is God, have we a gospel for the world. The claim that Buddha is ?the Light of Asia? reminds one of the man who declared the moon to be of greater value than the sun, because it gives light in the darkness when it is needed, while the sun gives light in the daytime when it is not needed.

3. THE GREEK SYSTEMS. Pythagoras (584-504) based morality upon the principle of numbers. ?Moral good was identified with unity; evil with multiplicity; virtue was harmony of the soul and its likeness to God. The aim of life was to make it represent the beautiful order of the Universe. The whole practical tendency of Pythagoreanism was ascetic, and included a strict self control and an earnest culture.? Here already we seem to see the defect of Greek morality in confounding the good with the beautiful, and in making morality a mere self-development. Matheson, Messages of the Old Religions: Greece reveals the intensity of the hour, the value of the present life, the beauty of the world that now is. Its religion is the religion of beautiful humanity. It anticipates the new heaven and the new earth. Rome on the other hand stood for union, incorporation, and a universal kingdom. But its religion deified only the Emperor, not all humanity. It was the religion, not of love, but of power, and it identified the church with the state.

Socrates (469-400) made knowledge to be virtue. Morality consisted in subordinating irrational desires to rational knowledge. Although here we rise above a subjectively determined good as the goal of moral effort, we have no proper sense of sin. Knowledge, and not love, is the motive. If men know the right, they will do the right. This is a great overvaluing of knowledge. With Socrates, teaching is a sort of midwifery ? not depositing information in the mind, but drawing out the contents of our own inner consciousness. Lewis Morris describes it as the life work of Socrates to ?doubt our doubts away.? Socrates holds it right to injure one?s enemies. He shows proud self praise in his dying address. He warns against pederasty, yet compromises with it. He does not insist upon the same purity of family life, which Homer describes in Ulysses and Penelope. Charles Kingsley, in Alton Locke, remarks that the spirit of the Greek tragedy was ?man mastered by circumstance?; that of modern tragedy is ?man mastering circumstance.? But the Greek tragedians, while showing man thus mastered, do still represent him as inwardly free, as in the case of Prometheus, and this sense of human freedom and responsibility appears to some extent in Socrates.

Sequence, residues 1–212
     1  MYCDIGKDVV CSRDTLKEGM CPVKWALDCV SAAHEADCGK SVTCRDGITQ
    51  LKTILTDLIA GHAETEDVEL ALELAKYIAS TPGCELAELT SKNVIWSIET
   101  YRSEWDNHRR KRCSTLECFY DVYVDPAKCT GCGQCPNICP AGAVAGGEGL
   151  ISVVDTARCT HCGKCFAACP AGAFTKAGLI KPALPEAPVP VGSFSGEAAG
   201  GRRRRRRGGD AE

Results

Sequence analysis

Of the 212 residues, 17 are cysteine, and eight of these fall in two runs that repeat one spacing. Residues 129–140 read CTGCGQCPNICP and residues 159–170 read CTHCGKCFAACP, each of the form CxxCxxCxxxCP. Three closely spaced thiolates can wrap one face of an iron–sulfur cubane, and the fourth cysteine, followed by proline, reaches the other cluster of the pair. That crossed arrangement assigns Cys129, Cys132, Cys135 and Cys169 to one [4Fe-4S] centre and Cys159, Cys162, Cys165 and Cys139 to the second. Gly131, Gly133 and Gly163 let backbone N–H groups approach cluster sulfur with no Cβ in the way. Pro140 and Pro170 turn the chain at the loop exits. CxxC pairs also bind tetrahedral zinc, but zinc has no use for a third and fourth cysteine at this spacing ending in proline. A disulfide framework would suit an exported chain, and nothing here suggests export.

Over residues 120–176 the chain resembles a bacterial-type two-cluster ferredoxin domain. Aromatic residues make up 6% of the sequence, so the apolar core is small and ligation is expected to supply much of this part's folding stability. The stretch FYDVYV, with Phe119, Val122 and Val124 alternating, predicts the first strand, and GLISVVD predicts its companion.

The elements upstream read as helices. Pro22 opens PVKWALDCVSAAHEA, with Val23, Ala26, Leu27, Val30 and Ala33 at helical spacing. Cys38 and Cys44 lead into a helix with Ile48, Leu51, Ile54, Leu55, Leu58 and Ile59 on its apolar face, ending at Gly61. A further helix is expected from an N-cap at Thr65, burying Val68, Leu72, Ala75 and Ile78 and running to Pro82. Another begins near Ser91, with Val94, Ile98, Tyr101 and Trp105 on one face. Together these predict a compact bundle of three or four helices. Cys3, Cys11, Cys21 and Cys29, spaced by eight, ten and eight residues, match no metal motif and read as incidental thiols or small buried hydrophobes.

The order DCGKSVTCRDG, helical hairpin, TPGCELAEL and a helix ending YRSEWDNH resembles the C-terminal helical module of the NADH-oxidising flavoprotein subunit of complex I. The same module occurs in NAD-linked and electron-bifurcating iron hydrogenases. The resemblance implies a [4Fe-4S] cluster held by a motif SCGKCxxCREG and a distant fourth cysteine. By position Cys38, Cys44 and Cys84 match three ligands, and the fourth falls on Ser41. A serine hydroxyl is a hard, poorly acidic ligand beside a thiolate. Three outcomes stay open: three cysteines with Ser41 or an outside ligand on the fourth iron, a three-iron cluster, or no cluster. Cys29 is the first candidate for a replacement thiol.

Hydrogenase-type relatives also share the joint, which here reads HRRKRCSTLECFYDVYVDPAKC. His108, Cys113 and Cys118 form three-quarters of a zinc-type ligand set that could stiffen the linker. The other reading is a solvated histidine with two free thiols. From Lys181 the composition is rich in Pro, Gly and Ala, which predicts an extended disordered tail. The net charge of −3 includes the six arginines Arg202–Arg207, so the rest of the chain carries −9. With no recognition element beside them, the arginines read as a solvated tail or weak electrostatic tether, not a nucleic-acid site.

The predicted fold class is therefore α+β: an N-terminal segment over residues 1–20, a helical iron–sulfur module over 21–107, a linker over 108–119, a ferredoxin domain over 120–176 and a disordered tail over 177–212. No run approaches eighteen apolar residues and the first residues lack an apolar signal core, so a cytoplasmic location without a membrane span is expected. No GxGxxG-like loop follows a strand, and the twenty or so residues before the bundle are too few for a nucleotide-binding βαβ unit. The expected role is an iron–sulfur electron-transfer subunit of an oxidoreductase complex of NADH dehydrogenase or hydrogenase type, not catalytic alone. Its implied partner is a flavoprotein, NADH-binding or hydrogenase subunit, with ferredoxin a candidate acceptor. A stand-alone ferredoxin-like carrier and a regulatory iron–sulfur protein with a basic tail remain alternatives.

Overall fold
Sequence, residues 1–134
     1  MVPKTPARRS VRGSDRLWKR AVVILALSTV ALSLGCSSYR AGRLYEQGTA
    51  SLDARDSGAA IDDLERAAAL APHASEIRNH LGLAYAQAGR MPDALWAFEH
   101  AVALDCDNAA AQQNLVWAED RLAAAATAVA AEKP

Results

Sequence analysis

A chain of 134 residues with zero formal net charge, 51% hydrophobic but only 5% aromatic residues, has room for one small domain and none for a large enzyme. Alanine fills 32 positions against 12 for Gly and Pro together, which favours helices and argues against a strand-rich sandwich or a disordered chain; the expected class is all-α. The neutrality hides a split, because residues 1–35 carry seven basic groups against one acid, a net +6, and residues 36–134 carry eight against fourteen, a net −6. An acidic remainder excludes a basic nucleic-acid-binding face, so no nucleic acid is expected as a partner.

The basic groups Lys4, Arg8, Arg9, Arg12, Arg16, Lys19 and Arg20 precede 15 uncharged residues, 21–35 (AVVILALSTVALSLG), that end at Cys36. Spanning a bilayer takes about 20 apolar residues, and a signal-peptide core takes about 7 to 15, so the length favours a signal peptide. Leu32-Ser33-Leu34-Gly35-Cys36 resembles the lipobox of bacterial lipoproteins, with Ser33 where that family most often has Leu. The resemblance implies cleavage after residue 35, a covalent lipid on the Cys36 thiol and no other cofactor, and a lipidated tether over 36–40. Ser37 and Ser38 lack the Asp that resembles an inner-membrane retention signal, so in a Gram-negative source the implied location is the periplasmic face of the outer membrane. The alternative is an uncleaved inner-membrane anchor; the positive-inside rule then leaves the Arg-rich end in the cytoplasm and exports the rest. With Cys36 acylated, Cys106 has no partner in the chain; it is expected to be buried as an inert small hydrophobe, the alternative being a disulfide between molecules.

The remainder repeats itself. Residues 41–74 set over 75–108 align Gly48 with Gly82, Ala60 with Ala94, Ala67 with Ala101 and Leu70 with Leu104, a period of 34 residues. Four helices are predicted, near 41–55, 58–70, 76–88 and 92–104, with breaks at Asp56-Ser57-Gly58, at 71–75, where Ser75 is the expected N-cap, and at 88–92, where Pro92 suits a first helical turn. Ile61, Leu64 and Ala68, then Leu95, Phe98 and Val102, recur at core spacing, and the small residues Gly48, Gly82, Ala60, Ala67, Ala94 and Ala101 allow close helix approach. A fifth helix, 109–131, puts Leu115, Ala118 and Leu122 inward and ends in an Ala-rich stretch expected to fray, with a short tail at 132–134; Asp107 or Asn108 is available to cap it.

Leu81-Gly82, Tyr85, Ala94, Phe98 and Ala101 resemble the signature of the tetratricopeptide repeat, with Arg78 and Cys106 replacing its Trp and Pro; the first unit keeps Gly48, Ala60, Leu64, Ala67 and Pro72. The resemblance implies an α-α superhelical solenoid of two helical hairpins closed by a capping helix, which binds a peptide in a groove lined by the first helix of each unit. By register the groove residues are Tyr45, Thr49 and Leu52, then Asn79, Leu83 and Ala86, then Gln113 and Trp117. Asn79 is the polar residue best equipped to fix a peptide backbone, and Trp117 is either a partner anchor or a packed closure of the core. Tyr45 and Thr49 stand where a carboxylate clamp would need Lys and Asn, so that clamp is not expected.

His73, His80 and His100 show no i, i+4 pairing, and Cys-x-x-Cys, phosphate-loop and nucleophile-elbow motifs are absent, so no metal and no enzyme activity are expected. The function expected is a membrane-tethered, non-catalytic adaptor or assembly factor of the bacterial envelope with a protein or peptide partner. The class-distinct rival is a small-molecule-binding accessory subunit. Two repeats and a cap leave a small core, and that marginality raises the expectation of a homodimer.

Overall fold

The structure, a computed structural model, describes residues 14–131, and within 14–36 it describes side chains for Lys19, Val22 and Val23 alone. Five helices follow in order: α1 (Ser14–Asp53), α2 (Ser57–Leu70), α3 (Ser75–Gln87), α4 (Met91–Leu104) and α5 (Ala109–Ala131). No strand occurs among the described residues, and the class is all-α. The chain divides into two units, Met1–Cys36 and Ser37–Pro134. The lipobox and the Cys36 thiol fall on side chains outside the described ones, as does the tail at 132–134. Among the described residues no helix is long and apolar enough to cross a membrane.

Plato (430-348) held that morality is pleasure in the good, as the truly beautiful, and that knowledge produces virtue. The good is likeness to God, ? here we have glimpses of an extra-human goal and model. The

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